Live Review: Vieux Farka Toure, Tezeta Band @ The Mississippi StudiosPosted by Rosalyn Radakovich
Despite Portland’s slightly vain but well earned self-absorption with its own local music scene, it is a real gift when internationally renowned artists come to this far northwestern corner. Malian singer/songwriter Vieux Farka Touré played for an adoring audience at Mississippi Studios last Friday night.
Son of the legendary Ali Farka Touré, Vieux Farka Touré continues his father’s legacy with a sound that is astonishingly beautiful. Touré’s blues-y approach to his distinct form of African fingerstyle guitar evokes a feeling of desert romance that pulls the listener into a lingering trance. Touré’s performance brought a simultaneously invigorating and pacifying energy to the Mississippi Studios, and the symbiosis between Touré and the crowd was intense. Hardly a few songs went by without a piercing whistle or a worshipful yell from the back. This was not a bystander type of crowd. The audience was acutely aware of what they came for, and paid homage with their level of engrossment and immersion, both physical and mental. Touré was mutually attentive, and welcomed several people to dance on stage during longer instrumental sessions.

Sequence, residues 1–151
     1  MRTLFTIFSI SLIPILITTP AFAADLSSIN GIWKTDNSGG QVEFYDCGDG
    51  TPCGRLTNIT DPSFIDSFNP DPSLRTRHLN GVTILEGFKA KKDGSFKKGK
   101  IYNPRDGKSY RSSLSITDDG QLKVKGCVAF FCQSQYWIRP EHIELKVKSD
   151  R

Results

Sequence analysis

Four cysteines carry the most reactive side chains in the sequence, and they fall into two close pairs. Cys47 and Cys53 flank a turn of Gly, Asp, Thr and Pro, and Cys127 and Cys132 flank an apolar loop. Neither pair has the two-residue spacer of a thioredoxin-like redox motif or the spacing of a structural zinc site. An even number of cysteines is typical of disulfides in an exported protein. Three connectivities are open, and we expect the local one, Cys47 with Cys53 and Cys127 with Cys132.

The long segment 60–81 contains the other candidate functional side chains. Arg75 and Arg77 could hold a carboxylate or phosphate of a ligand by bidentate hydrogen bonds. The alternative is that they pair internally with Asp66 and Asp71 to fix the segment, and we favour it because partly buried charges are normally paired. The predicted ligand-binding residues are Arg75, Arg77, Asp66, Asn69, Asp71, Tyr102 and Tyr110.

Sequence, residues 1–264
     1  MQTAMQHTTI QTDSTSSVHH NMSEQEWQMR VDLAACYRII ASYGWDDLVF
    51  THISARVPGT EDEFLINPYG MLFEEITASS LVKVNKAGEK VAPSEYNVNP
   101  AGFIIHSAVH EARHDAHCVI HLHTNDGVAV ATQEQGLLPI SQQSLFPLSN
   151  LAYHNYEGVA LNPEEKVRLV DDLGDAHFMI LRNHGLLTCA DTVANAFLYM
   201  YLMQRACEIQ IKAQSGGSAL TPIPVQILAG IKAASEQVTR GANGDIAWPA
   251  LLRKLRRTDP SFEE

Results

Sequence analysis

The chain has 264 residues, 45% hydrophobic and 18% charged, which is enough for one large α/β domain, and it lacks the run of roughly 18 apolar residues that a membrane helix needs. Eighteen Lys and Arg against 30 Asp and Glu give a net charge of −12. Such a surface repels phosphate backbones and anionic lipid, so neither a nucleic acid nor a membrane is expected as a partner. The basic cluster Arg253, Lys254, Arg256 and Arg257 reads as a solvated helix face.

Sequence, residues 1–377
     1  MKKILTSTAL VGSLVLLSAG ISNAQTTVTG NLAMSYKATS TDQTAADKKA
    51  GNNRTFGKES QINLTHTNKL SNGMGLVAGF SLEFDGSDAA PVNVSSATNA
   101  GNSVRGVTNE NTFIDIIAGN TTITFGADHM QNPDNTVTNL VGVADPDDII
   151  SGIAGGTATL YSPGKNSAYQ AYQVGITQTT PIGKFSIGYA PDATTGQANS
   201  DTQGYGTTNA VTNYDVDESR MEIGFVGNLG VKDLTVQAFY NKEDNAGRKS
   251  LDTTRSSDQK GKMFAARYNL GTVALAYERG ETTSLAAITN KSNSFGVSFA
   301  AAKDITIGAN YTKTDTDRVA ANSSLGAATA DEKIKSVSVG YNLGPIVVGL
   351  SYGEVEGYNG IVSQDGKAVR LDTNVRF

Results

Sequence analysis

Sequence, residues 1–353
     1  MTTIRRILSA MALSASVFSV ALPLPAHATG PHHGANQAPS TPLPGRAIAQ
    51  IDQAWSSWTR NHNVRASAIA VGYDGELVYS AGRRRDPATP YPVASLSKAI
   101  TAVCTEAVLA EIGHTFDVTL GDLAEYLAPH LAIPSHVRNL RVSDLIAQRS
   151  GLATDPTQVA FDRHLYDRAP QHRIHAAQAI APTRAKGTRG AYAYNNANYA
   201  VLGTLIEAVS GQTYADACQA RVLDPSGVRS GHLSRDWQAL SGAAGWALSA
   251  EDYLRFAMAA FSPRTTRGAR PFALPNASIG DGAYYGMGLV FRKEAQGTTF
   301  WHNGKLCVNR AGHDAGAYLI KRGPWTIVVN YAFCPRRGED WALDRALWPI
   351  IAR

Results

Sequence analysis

The rendition of “Fafa” elicited the strongest response from the crowd, as Touré stretched out the instrumentals long enough for a healthy and lasting dance session. Another star of the evening, which Touré wasted no time in pointing out, was calabash player Souleymane Kané. Despite being somewhat hidden from the audience, Kane’s calabash infiltrated the Mississippi Studios’ acoustics with a sultry drama synonymous with Toure’s desert blues.
To transition back into Portland’s own scene, local group Tezeta Band opened up the evening, introducing another distinctly African genre. In fact, Tezeta Band’s sound is almost a niche, as they focus specifically on 1970s Ethiopian dance music. The soulful yet lively distinction is instantly catchy. Clear funk and jazz undertones are peppered with a dominating and elaborate trombone portion, resulting in a retro lounge-y charm.
Tezeta Band’s Ethio-centric focus brought another sound from West Africa into focus and served as an appropriate though not blatantly obvious pairing to the Malian master’s sound. Their set was playful and jam packed with music; mid-set talking was kept at a minimum (which, if I may add, I always appreciate). Instead, Tezeta band delivered a deliciously gooey, melty, warm dish of funk rooted grooviness.